Plaintiff claims that Defendants waived the attorney-client and work product doctrine "by voluntarily disclosing the advice they received, and by placing it into [Plaintiff's] personnel file as the justification [Defendant City] used to fire" Plaintiff. (Doc. 21-1, at 7.) Defendant City responds that the entries

simply note conversations with counsel. They do not spell out the advice given or all the issues discussed. At best, they establish that legal advice was sought, but they do not state the substance of the conversations. There simply is no waiver.

(Doc. 42, at 4.) In other words, Defendant City argues that it merely disclosed the fact that the conversations with counsel occurred regarding the general topic of Plaintiff's involvement in the Dryden lawsuit. Thus, the parties agree, and the Court finds, that the pivotal issue is whether the voluntary disclosures were substantive, or merely disclosures of the fact that advice was obtained . See United States v. Ryans, 903 F.2d 731, n.13 (10th Cir. 1990) (holding that the privilege is lost if the client discloses the substance of the privileged communication).

The Court finds that the disclosure in this case included the substance of the attorney's conclusions. Although the time line entry is brief, there is a substantive recitation of the legal advice given to Defendants. (Doc. 42, at 6.) The entry indicates that Scheibler spoke with counsel regarding "concerns about confidentiality, " and counsel agreed. (Doc. 21-6, at 1.) Counsel also told Scheibler that "the City would be justified in moving forward." Id. This is not a simple disclosure that a consultation was obtained, but reveals the legal advice rendered. Thus, Defendants voluntary waived the privilege as a result of producing this document in this case, and the Plaintiff's motion is GRANTED on that basis.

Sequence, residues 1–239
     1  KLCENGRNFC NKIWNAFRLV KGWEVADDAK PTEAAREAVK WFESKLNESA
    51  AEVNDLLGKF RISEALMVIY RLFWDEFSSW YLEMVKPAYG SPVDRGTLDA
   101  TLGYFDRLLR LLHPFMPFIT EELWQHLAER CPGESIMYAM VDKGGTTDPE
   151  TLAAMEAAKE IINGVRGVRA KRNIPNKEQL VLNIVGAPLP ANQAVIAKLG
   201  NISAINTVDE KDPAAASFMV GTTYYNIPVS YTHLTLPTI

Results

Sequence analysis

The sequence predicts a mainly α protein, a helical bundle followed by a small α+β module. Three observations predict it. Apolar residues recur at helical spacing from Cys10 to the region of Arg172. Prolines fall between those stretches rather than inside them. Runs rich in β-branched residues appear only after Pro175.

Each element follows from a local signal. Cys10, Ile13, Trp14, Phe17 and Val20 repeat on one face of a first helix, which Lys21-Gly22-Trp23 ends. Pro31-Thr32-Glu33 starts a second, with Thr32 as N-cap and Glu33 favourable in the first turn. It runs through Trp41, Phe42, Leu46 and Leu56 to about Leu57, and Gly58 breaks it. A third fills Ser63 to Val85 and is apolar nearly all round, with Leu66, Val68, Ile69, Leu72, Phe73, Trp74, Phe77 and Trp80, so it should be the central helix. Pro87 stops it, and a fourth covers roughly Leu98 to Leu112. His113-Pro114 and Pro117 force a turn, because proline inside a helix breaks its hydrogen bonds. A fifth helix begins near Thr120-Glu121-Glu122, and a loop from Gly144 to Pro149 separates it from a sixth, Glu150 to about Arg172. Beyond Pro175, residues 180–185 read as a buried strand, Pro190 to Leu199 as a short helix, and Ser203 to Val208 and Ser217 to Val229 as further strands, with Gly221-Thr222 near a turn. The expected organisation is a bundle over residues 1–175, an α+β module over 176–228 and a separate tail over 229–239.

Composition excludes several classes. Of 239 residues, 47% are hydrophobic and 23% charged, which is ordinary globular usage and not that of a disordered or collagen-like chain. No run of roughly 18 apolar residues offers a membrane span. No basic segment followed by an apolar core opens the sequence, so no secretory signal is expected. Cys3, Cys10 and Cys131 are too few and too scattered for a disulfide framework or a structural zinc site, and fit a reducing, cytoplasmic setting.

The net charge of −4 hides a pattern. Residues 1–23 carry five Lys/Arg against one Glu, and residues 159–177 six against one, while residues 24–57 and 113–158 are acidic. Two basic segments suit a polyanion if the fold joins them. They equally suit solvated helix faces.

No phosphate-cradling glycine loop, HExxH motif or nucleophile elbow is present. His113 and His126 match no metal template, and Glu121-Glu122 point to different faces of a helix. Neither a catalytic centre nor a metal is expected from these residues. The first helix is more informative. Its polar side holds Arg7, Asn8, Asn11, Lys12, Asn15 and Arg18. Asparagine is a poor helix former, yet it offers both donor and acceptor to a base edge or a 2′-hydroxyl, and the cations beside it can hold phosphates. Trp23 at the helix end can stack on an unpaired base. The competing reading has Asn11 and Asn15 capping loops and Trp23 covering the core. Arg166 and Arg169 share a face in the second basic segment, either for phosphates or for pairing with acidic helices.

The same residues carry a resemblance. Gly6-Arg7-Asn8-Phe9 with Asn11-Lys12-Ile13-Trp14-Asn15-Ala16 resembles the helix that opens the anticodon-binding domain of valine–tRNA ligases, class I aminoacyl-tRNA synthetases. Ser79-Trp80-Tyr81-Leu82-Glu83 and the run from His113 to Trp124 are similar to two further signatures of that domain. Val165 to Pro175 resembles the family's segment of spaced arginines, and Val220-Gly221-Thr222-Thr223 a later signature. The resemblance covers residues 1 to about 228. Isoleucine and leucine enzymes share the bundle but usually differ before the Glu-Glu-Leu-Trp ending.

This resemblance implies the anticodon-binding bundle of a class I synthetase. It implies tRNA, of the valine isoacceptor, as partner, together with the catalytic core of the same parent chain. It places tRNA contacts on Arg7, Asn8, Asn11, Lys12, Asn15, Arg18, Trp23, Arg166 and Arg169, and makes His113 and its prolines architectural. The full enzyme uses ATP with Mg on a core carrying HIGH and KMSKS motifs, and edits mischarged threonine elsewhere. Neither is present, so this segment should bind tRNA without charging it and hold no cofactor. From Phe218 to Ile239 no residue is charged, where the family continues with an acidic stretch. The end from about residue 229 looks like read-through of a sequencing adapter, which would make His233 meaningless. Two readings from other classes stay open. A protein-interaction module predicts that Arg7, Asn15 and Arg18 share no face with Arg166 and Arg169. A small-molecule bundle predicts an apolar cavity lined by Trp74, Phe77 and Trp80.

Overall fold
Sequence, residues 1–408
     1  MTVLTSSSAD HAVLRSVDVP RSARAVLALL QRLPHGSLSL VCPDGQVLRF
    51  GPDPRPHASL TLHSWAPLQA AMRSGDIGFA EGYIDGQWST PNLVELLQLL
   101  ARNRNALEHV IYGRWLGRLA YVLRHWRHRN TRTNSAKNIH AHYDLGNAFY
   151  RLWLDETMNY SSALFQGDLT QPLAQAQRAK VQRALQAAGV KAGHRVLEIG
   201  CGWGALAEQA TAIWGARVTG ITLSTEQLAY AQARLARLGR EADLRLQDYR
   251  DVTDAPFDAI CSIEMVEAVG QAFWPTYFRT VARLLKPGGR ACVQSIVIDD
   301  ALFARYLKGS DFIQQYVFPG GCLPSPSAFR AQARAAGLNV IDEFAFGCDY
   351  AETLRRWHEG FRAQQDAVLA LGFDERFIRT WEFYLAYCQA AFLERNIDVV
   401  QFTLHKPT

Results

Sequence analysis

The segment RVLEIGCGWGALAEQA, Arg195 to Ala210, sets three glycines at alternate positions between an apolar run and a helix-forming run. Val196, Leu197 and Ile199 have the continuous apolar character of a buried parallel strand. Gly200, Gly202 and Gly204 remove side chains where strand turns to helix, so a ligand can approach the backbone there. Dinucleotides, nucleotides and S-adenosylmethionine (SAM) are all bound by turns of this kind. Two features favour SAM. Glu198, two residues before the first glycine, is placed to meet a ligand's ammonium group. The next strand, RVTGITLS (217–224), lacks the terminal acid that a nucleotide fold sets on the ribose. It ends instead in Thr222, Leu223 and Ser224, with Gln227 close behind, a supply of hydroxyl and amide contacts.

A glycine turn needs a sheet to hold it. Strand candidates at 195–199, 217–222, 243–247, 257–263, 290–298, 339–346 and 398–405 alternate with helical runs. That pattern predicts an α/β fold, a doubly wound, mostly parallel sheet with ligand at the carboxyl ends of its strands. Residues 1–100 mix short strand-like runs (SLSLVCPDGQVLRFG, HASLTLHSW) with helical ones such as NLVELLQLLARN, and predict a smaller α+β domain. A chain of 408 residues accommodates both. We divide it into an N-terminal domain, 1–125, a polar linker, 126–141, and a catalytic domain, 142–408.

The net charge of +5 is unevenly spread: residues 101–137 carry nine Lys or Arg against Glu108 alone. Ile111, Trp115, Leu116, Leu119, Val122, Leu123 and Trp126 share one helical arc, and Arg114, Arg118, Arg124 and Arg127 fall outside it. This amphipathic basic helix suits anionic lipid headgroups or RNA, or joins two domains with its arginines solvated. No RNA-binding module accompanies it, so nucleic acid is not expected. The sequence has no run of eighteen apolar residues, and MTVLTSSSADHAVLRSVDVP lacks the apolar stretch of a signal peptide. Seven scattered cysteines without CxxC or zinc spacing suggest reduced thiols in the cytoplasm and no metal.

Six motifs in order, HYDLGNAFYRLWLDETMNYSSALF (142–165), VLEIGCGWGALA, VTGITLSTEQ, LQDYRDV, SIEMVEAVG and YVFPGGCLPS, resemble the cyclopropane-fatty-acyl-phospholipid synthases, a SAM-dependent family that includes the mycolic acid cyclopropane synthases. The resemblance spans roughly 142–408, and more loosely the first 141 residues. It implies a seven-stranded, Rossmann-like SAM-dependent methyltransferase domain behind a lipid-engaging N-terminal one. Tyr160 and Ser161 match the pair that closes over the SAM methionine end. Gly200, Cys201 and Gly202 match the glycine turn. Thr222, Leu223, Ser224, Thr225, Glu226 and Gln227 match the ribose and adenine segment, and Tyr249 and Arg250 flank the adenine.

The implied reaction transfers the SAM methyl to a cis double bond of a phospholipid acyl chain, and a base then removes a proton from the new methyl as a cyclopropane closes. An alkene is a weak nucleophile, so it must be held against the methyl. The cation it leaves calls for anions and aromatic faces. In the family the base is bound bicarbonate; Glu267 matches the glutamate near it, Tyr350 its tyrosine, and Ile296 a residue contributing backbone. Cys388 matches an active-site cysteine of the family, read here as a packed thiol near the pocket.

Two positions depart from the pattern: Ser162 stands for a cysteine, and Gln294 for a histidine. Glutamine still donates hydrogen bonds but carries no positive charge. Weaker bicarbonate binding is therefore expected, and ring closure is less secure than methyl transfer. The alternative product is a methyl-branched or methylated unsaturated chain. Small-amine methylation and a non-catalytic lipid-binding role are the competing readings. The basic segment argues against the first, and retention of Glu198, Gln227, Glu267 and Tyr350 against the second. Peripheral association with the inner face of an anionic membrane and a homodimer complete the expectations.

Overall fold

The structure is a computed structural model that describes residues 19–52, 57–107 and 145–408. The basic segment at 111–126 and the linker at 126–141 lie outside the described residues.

In the alternative, Plaintiff contends that Defendants "waived the attorney-client privilege and work product protection by relying on their attorneys' advice to justify their actions, thus putting the advice they sought and the advice they received at issue in this case." (Doc. 21-1, at 9.) See State ex rel Stovall v. Meneley, 271 Kan. 355, 22 P.3d 124 (2001) (citing Hearn v. Rhay, 68 F.R.D. 574, 579-81 (E.D. Wash. 1975)).

The test set out in Hearn has also been applied to federal actions brought in Kansas federal courts. Williams v. Spirit/United Management Company, 464 F.Supp.2d 1100 (D. Kan. 2006); State of New Jersey v. Sprint Corporation, 258 F.R.D. 421 (D. Kan. 2009). The Court agrees that this standard is applicable to the present issue.